Tag Archive | "Parkchester"

Bronx Seniors Target Dangerous Intersections

Bronx Seniors Target Dangerous Intersections

AARP New York State Director Lois Aronstein attends the Complete Streets Week event in Parkchester.

AARP New York State Director Lois Aronstein attends the Complete Streets Week event in Parkchester. (AARP)

The corner of Wood Avenue and White Plains Road in the Parkchester section of the Bronx had more than its fair share of stop signs Friday morning. And for a good cause.

The intersection, which has a stop light, is one of the 50 most dangerous in New York City, according to the Department of Transportation (DOT). This prompted a group of about 40 seniors – wearing stop-sign red shirts – to set up camp at the intersection’s four corners to conduct a safety survey. They tracked everything from the timing of stoplights to the upkeep of the area’s asphalt.

The AARP’s grassroots “Create the Good” movement is coordinating the monitoring campaign. Its pedestrian safety surveys received the backing of several local Bronx politicians, including James Vacca, the New York City Council member for District 13.

“It is no longer an exception for people to live into their 80s,” said Vacca, the current chair of the council’s Transportation Committee. “It is the rule. And these folks still want to go out and do things like go out to the supermarket. We’ve got to make sure the streets are safe for them.”

By many standards, the streets are not safe. New York state has more pedestrian fatalities per year than all but two other states. The high incidence can be attributed to heavy traffic in New York City.

In 2008 alone, the area defined by the DOT as “downstate New York” – New York City, Long Island and Westchester, Rockland and Dutchess counties – suffered 232 pedestrian fatalities. Several incidents have highlighted particularly dangerous intersections, such as Broadway and 230th Street in the Bronx.

The intersection, which saw 19 crashes from 1995 to 2005, according to crashstat.org, claimed one more victim on March 22. Four year-old Josh Delarosa was blind-sided when heading to nursery school during Monday rush hour. He was rushed into critical care at the Columbia Presbyterian Children’s Hospital, whose spokesman confirmed to the Bronx Ink that he has since left. Calls to his daycare center – Growing Happy on 238th Street and Broadway – and his family went unanswered.

But Delarosa’s story is in keeping with that of the tri-state area. After a slight decline in overall pedestrian deaths from 2006 to 2008 in Connecticut, New Jersey and “downstate New York – from 443 to 407 – the earliest data from 2009 showed an uptick, according to the Tri-State Transportation Campaign.

The fear of a pedestrian death is acutely felt among seniors. Two in five Americans over the age of 50 say their neighborhood sidewalks aren’t safe, a recent AARP study found.

“The light changes before you even get across the street,” 78-year-old Harriet Miller, who uses a walker, said about the corner of Wood and Metropolitan, also located in Parkchester. “What are you supposed to do with that?”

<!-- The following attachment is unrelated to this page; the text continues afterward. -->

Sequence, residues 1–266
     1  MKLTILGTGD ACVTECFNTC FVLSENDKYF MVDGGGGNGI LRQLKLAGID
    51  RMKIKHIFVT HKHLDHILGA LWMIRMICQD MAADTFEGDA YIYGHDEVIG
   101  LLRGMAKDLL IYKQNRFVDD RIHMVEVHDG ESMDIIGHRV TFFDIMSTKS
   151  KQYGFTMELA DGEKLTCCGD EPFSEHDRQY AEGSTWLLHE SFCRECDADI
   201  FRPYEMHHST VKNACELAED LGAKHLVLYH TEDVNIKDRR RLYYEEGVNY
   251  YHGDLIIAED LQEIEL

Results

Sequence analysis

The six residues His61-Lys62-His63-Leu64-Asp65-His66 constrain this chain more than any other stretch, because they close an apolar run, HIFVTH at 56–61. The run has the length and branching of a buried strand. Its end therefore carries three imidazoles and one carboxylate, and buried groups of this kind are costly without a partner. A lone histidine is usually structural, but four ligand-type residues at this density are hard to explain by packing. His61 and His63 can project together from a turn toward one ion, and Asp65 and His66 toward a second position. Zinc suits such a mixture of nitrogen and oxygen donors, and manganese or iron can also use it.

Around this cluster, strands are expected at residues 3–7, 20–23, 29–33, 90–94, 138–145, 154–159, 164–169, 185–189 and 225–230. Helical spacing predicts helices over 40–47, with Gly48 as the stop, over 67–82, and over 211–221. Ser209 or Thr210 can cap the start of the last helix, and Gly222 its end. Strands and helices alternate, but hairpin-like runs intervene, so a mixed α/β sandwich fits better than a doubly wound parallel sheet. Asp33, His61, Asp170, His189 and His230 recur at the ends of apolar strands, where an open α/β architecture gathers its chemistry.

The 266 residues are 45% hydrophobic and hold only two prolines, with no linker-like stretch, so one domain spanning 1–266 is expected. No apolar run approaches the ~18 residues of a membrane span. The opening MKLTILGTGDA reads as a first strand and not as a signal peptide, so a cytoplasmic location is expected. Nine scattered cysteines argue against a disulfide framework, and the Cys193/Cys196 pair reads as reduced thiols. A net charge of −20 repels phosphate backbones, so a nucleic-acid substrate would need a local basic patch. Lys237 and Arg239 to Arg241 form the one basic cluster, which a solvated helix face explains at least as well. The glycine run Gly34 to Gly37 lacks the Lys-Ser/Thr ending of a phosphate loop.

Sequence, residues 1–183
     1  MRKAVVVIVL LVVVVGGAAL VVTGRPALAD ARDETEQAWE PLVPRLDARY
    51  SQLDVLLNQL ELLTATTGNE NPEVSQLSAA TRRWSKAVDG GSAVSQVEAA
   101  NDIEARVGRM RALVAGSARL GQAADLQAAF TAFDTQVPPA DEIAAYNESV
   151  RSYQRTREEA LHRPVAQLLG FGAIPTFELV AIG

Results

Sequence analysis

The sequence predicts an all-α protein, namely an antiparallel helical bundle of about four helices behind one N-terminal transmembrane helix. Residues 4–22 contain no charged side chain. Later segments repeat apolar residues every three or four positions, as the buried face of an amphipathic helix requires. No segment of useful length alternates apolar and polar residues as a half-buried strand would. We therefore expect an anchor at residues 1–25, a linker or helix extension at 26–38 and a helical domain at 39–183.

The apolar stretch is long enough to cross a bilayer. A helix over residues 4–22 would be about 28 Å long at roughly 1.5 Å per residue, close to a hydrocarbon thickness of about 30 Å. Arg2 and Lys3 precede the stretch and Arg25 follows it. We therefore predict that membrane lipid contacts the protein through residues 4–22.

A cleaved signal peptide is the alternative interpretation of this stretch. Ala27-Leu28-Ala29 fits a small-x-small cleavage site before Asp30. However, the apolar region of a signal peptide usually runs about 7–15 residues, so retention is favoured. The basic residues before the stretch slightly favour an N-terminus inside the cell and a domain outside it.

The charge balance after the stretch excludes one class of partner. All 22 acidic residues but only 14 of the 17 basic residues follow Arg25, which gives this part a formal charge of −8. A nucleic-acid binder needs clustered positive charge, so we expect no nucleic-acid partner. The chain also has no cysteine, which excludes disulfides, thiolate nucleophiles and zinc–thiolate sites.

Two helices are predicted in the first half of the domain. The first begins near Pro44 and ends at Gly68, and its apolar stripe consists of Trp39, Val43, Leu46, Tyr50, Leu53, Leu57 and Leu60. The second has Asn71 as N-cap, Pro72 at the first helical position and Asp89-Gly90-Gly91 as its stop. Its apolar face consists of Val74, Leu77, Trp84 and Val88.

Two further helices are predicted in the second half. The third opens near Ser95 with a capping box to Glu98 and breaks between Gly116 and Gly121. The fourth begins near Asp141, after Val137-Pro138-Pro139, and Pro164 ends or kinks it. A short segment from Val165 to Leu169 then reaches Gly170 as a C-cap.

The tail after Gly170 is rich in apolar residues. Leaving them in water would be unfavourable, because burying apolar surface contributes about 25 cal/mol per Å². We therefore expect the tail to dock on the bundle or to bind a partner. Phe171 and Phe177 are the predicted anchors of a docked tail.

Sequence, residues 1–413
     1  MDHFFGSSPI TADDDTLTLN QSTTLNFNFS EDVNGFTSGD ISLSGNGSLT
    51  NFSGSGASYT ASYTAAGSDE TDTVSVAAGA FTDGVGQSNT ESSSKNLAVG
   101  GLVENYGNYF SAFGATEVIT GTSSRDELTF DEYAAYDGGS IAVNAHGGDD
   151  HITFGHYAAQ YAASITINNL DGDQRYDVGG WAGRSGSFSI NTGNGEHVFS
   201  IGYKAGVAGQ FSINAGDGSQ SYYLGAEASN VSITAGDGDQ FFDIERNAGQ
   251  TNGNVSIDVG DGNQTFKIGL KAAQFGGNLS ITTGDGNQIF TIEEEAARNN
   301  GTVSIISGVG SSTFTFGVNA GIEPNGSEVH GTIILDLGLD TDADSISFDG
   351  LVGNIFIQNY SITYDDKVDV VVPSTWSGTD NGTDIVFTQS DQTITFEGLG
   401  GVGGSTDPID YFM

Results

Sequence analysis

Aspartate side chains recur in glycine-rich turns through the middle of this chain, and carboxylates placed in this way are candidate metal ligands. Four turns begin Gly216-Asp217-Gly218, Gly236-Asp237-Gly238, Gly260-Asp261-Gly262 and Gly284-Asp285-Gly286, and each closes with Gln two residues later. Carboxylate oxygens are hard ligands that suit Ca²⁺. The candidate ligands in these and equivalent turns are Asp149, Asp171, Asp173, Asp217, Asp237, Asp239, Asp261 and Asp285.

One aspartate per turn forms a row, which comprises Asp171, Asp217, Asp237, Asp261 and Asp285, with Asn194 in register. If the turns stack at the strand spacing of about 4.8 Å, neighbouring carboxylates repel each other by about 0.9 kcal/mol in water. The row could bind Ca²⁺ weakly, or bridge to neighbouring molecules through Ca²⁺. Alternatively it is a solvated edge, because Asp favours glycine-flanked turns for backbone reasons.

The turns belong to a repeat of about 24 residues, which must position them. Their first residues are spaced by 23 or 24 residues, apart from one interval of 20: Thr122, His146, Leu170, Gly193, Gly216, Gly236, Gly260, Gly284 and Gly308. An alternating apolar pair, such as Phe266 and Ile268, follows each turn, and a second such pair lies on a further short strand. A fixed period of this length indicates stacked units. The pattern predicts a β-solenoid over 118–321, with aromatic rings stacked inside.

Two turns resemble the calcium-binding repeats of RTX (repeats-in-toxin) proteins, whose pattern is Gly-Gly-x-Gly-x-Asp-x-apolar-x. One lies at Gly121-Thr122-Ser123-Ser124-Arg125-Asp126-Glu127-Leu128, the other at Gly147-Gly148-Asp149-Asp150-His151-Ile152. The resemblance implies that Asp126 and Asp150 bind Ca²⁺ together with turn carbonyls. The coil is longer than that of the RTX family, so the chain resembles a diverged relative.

AARP organized the Friday event as part of National Volunteer Week. The initiative is called “Complete Streets Week: Making New York Walkable for All Generations.”

Hundreds of intersections are going to be surveyed by the end of the week. On Friday, the AARP team was conducting similar public events at notorious intersections in Harlem and Rockland County.

Jessica Lappin, the New York City Council Member for the Fifth District in Manhattan, made the trek up to Wood Avenue and White Plains Road to express her solidarity with the “Complete Streets Week” event. Her motivation – the death of an 82-year-old woman a week and a half ago at an intersection in her district, which includes the Upper East Side and Roosevelt Island.

“An unsafe corner for seniors is an unsafe corner for me,” Lappin said.

Posted in Bronx NeighborhoodsComments (0)

Major Heroin Bust in Bronx Called a Sign of a Growing Problem

Authorities displayed heroin they said was seized during a raid on an apartment in the Bronx. Photo: Courtesy of NYPD

Authorities displayed heroin they said was seized during a raid on an apartment in the Bronx. Photo: Courtesy of NYPD

On Thursday, four men were arrested and approximately $1 million worth of heroin was seized after an investigation by the New York Police Department’s Bronx Narcotics Major Case Squad and the Special Narcotics Prosecutor’s Office culminated with a raid on an apartment in Parkchester. People with knowledge of the case said the bust was indicative of an increasing number of wholesale heroin operations in the Bronx.

Authorities said Apartment 1L in the building at 2112 Starling Ave. was used as a heroin mill, where the drug was packaged and processed before being distributed to a variety of dealers. Heroin packaged at the apartment was placed in glassine envelopes, which according to a press release issued by the Drug Enforcement Administration, were stamped with the brand names “Almighty,” “Heat Wave,” “Maserati” and “Body Bag.”

The exterior of 2112 Starling Avenue, where police said they seized approximately $1 million worth of heroin. Photo: Courtesy of NYPD

The exterior of 2112 Starling Avenue, where police said they seized approximately $1 million worth of heroin. Photo: Courtesy of NYPD